Guest blogger :: Crafty girls book

by kath_red on 19/10/2012

in Books, Historic Craft

Jennifer Forest is the author of Jane Austen’s Sewing Box, Behind Jane Austen’s Door and Crafty Girls Talk. When she is not making something, she is reading, looking for something to read or admiring vintage hats. travels in my sewing box.

I love going to a craft class, you meet so many wonderful crafty women, each one with a love of creating and a story to share.  Be it a knitting workshop or a quilting bee, it doesn’t take long for the stories to start. If you’ve ever been on a crafty workshop you will know that crafty girls talk! And that’s where the idea for my third book, Crafty girls talk started: that crafty girls have fascinating stories to share, and that we all craft for many different reasons. While many crafty girls turn their passion into a business, other crafty girls make for family, friends or those in need.

I interviewed 20 creative women from around the world: USA, UK, Canada, Australia and New Zealand. And it was interesting the similar experiences we all share. Many crafty girls are looking for a way to create something new. Once the children are born, someone has to make a choice between pursuing a traditional career path or creating something different. It’s often the woman who takes control of her time and creates a business, while looking after her children.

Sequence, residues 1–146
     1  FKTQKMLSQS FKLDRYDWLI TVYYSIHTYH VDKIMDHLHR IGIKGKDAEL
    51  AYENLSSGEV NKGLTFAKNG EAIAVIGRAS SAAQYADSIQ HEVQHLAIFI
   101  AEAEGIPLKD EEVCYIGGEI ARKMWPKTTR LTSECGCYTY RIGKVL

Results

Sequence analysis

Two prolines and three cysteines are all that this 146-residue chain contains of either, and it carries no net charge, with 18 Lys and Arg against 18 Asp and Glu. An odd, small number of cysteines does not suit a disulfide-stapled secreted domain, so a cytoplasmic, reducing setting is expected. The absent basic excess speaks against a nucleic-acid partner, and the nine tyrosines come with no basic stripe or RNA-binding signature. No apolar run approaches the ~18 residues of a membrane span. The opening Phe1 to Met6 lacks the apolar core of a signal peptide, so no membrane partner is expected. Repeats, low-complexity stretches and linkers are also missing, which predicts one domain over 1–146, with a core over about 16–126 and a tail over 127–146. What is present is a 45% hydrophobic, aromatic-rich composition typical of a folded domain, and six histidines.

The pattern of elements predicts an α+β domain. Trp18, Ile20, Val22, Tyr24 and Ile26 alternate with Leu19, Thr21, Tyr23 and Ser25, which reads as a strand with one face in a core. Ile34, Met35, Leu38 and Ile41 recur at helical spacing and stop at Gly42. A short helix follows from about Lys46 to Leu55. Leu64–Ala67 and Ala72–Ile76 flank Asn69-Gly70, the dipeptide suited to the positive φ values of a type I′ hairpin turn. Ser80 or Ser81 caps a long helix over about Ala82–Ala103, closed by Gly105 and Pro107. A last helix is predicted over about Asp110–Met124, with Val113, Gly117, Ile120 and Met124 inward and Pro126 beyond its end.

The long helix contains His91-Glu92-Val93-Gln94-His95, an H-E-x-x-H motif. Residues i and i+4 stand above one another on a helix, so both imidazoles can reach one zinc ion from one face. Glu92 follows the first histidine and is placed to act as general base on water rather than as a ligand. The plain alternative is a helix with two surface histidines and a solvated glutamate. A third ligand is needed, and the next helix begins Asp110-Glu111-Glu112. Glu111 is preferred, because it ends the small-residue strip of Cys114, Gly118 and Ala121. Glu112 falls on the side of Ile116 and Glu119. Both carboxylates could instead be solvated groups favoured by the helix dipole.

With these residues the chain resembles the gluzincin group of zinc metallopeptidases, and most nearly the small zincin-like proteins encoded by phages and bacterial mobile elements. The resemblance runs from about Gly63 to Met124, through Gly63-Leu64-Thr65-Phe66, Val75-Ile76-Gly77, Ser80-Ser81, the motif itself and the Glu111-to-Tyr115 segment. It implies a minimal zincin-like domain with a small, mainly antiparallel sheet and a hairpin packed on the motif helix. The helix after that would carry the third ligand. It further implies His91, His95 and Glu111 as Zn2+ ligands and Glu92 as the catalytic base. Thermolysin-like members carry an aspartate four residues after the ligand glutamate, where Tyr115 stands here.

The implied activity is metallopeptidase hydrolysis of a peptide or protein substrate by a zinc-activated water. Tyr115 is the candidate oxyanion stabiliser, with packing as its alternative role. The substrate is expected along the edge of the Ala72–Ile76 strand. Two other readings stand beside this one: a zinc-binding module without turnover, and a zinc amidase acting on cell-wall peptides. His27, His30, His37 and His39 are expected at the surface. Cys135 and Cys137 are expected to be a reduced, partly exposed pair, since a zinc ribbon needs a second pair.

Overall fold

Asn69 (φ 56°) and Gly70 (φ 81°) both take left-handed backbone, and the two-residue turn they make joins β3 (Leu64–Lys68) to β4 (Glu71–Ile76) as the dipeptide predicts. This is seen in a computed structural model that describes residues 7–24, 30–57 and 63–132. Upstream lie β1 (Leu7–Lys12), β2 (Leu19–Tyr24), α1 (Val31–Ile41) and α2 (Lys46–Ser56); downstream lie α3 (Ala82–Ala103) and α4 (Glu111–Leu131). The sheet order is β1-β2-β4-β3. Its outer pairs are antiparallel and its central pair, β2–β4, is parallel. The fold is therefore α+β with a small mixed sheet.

I’m also a bit of a multi-crafter myself. I love learning a new craft and there’s so many fascinating skills to learn. I adore screen printing and felting, and spent many years sewing and embroidering. Right now I’m addicted to knitting, and have a few orders in from the family for things like blankets, scarves and purses. My daughter keeps checking on the progress of her blanket, worried that it is taking me some time! I have plans to learn spinning wool, which is all part of my current love affair with yarn.

For Crafty Girls Talk I was very keen to interview women from a range of crafts. I wanted to explore the many different and wonderful ways we create. Just to give you an idea of who I spoke to, there is: Lynne Sharp who creates these amazingly gorgeous felted vessels, as well as lots of other things she’s a true multi-crafter and Melissa Wastney and Fiona Clark who are both stunning designers, Melissa sews beautiful vintage inspired  pieces while I love Fiona’s mandala embroideries.